“Life always begins with one step outside of your comfort zone.” – Shannon L. Adler
If you belong to any of the myriad “Expat on Mallorca” groups, you’ll have noticed a virtually never-ending stream of questions posed by people who want to move here and want the skinny on how to do it…the easy way. Interest soon wanes for most when they get batted down by those already having taken the plunge and are told in no uncertain terms that there is no easy way.
Moving abroad is risky business. Some people get super lucky. They land and find a good place to live thanks to already established friends. For the rest of us, it’s hard work to create a whole new life in a place where you have no friends, contacts or even common language to help you get a leg up. Such is the life of expat-dom.
Many of us wouldn’t have it any other way as the thrill of building something where there was once nothing is a lure too good to live without. Relocating takes energy and is an adventure of a lifetime.
We at Affordable Mallorca want to help our readers, both already here and those planning to be here in the future, find realistic ways to not just exist here on the island but to thrive!
The Hard Truth #
It cannot be repeated often enough how important research is when planning a move - doubly so if your move includes living in a country where you don’t speak the language are unfamiliar with the customs. It doesn’t matter if you’ve spent every summer of your life on Mallorca. Living here is a completely different animal and should be treated as such. Some of the bigger things to consider are housing, work and, if you have children, schooling.
Find housing before you come
Rental properties are in short supply on the island. Coming for a recce before the move and meeting with a few estate agents to show you options is almost imperative. If you find something, take it. Get the paperwork signed and give your deposit. I cannot tell you the number of people I see posting on the social media pages who arrive and find themselves homeless because they didn’t think this through beforehand. Do yourself a favour and find housing before you come. This may cost you a bit of money but at least you won’t be forking over twice the cash for hotels until you come up with something.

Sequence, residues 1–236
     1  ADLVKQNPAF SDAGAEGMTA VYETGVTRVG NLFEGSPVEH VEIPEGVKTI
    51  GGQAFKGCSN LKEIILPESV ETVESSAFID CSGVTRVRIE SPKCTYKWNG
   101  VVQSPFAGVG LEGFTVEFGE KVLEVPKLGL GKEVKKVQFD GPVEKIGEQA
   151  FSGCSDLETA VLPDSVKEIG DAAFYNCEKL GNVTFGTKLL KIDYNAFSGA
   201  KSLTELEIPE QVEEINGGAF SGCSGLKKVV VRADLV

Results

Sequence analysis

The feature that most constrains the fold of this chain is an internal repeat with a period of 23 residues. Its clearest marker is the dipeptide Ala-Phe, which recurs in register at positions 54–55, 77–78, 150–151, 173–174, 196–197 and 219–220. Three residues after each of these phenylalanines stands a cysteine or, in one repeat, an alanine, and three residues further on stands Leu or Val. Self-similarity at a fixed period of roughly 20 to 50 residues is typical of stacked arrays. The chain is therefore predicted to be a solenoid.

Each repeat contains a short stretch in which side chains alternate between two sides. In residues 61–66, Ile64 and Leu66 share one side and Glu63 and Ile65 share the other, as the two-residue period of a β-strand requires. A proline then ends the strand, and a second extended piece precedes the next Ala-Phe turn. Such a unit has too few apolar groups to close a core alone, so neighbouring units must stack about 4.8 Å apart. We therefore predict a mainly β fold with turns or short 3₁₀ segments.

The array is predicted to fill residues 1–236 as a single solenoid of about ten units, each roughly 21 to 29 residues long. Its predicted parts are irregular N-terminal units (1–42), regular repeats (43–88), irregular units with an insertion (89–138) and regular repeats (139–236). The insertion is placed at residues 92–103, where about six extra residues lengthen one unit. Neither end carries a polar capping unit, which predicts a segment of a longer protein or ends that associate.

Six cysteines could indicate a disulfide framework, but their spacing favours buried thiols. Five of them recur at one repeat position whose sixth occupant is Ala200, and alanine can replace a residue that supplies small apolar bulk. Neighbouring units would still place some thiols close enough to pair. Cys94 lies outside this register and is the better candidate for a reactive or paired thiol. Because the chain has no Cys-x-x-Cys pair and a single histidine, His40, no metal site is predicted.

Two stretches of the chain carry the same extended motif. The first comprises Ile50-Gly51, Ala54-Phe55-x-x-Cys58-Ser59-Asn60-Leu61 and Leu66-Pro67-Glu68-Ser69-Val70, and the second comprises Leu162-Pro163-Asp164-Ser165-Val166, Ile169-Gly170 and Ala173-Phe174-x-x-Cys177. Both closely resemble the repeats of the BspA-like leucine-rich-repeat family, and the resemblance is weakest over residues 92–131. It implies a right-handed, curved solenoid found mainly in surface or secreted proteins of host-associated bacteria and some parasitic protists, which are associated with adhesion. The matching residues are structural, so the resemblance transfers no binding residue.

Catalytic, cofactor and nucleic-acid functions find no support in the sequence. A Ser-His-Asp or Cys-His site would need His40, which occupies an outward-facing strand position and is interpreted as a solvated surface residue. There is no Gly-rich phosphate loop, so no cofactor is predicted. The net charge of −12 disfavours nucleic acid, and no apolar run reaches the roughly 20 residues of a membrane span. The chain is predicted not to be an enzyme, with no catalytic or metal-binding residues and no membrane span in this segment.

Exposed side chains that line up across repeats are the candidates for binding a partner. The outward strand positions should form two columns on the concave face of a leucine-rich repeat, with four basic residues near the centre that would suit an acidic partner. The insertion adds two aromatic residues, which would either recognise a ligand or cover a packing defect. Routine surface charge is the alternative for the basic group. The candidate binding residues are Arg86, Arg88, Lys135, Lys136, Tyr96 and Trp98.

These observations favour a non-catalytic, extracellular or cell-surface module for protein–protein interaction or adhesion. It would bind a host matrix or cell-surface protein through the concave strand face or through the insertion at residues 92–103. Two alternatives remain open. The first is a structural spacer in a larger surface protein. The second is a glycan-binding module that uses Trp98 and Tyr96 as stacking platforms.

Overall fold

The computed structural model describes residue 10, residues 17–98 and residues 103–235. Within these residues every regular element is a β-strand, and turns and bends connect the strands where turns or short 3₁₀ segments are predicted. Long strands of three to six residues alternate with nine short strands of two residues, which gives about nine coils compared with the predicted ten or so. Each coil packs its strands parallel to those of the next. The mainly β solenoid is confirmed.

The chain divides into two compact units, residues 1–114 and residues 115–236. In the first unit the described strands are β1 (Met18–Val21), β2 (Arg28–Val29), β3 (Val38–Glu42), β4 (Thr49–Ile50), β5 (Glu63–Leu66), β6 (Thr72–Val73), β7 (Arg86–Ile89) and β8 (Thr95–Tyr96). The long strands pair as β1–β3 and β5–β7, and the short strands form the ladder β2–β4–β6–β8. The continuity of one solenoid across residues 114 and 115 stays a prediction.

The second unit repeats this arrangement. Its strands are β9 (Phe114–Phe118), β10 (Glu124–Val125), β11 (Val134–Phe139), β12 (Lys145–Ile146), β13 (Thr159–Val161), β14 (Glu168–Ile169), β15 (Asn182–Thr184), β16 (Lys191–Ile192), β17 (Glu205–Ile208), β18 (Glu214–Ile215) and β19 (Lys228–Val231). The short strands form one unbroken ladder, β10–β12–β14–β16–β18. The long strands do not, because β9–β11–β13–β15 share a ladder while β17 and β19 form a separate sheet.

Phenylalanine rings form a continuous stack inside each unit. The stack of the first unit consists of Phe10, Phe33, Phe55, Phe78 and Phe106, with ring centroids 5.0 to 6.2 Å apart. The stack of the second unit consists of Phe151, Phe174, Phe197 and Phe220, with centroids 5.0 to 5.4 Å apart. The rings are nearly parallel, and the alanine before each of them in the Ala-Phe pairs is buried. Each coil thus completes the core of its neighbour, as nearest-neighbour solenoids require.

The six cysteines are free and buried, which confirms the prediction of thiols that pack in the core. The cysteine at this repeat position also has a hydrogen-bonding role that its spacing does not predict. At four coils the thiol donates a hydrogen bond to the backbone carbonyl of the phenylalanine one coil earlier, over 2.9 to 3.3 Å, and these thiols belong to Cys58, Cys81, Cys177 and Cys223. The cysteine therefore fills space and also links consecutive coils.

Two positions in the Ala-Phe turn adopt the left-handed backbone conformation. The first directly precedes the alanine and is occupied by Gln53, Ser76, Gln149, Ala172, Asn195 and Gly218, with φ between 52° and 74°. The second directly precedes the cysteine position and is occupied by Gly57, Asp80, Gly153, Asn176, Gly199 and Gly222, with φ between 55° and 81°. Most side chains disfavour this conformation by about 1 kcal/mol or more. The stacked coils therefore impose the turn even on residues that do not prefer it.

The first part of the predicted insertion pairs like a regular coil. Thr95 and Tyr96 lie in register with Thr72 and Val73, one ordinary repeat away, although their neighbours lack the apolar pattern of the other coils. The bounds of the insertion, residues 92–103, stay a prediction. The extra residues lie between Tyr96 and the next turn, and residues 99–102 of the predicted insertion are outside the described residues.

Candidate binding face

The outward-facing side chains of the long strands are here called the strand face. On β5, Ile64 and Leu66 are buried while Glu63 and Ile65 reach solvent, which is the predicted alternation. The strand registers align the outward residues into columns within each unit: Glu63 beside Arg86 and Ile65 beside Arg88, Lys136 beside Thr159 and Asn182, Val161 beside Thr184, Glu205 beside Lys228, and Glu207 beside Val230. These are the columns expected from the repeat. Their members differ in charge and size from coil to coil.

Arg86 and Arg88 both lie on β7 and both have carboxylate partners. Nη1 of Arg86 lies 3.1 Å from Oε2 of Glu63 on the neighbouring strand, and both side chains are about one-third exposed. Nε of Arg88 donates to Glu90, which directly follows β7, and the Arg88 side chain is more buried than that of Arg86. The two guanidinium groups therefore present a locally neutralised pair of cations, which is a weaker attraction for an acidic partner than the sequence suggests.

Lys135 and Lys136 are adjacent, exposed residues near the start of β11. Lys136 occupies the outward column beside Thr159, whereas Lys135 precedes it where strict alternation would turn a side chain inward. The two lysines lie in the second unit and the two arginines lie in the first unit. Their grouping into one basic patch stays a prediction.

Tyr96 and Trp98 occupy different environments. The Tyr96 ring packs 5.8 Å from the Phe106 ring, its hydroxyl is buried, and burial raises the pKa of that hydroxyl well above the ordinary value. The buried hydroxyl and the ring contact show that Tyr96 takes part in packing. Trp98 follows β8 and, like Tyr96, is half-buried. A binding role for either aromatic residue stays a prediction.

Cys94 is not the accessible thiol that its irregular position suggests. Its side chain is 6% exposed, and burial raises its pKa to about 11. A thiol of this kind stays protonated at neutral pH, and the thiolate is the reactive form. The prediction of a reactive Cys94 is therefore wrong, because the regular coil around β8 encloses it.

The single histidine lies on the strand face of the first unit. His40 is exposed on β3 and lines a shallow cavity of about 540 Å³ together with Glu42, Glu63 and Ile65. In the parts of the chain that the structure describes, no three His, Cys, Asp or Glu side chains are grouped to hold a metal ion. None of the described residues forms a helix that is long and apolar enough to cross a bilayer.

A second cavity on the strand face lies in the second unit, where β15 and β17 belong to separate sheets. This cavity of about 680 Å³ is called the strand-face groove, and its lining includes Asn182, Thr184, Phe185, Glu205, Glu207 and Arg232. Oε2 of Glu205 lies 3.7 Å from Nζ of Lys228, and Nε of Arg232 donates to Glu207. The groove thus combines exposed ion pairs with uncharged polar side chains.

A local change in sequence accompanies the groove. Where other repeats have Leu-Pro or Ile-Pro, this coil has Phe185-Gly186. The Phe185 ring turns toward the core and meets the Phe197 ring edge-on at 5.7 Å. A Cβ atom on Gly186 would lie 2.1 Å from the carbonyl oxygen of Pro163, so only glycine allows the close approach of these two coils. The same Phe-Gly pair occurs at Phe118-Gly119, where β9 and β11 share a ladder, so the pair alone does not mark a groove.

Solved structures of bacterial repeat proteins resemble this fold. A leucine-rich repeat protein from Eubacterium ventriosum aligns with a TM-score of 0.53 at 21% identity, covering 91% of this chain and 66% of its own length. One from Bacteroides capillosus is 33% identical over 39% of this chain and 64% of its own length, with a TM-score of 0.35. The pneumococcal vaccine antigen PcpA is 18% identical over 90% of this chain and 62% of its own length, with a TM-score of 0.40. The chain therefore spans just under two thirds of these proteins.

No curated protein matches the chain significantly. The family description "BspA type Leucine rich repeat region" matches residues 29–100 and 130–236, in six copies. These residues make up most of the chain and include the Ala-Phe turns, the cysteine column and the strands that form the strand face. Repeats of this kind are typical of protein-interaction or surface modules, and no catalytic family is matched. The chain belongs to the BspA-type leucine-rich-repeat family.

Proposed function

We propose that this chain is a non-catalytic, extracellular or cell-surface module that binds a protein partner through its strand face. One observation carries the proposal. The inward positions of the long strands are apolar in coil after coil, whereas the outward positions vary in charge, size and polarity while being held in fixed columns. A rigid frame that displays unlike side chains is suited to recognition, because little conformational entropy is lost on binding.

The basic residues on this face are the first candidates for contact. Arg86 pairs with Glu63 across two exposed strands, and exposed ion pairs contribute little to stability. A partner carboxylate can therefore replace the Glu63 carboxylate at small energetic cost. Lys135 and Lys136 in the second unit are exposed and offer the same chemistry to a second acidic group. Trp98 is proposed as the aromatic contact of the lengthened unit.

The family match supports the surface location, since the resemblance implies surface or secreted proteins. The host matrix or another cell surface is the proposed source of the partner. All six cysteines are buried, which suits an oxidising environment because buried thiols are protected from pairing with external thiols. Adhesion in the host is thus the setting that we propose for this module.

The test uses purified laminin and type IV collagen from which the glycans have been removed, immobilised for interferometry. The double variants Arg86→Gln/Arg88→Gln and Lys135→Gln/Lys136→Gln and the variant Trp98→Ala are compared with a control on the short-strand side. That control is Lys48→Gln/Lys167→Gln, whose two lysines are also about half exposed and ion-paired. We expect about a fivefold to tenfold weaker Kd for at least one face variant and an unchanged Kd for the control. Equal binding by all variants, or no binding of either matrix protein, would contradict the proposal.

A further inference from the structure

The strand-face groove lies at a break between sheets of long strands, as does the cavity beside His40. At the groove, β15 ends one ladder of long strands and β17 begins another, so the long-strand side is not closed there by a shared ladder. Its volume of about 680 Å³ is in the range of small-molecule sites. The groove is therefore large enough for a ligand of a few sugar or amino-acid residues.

AM Tip: Make sure you are dealing with a reputable agent, a legitimate owner and have an attorney who can insure you have a good rental contract. Renting here is not like in the States or the UK. Many properties are illegal so do your homework.
If you have children: Decide on schooling up front.
If you’ve got children, schools are no doubt important to you. There are many options to choose from, from states schools to international and private ones. State schools are free and every village has at least one. They tend to teach in Mallorquin or Catalan as a first language so beware if you prefer your kids to learn Castellano.
The international and private routes are pricier but offer a mix of local and expat student bodies with a better chance of strong bilingual education. If you choose the ones with a British curriculum, it is often reported the kids only come out with so-so Spanish. If your child being fluent in Spanish is a priority, consider other choices. Just think about what you want to get from schooling for your kids before making such a life-changing move.
Secure a job if you need to supplement your income.
This is the most important for many of us yet the one we are least prepared for. So many people think they can rock up on their good looks and charm then score some amazeballs job within a week of landing here. Sweet thought but highly unlikely. The job options here, especially if you don’t speak Spanish, are limited primarily to tourism. And even then, many are seasonal offerings, meaning you won’t get paid through the winter.
Before packing up, do your level best to secure a job. Contact local employment and temp agencies, tour agencies in your home country and here and/or go online and apply for as many jobs as you can. Remember, none of this will help if you don’t have a marketable skill, so unless you are a fantastic chef, teach English as a second language, or the like, you won’t be getting a six-digit salary because you’re so adorable. Even professional vocations don’t always transfer so be prepared for that lawyer, tech and accountant friends. For more on working here, read this article about working as an expat.
Learn the Language.
Life is so much easier if you can make your own doctor’s appointments and dinner reservations. This cannot be stressed enough. No one is asking you to be fluent from the moment you arrive but at least take some classes before you come.